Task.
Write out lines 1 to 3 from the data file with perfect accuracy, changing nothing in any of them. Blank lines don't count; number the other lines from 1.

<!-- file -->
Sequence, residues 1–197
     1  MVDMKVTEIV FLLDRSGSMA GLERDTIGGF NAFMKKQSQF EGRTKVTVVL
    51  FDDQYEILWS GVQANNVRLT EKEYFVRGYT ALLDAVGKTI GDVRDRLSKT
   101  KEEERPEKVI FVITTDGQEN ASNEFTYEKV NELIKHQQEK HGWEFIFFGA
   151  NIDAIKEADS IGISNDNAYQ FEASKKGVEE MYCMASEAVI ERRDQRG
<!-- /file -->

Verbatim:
Sequence, residues 1–197
     1  MVDMKVTEIV FLLDRSGSMA GLERDTIGGF NAFMKKQSQF EGRTKVTVVL
    51  FDDQYEILWS GVQANNVRLT EKEYFVRGYT ALLDAVGKTI GDVRDRLSKT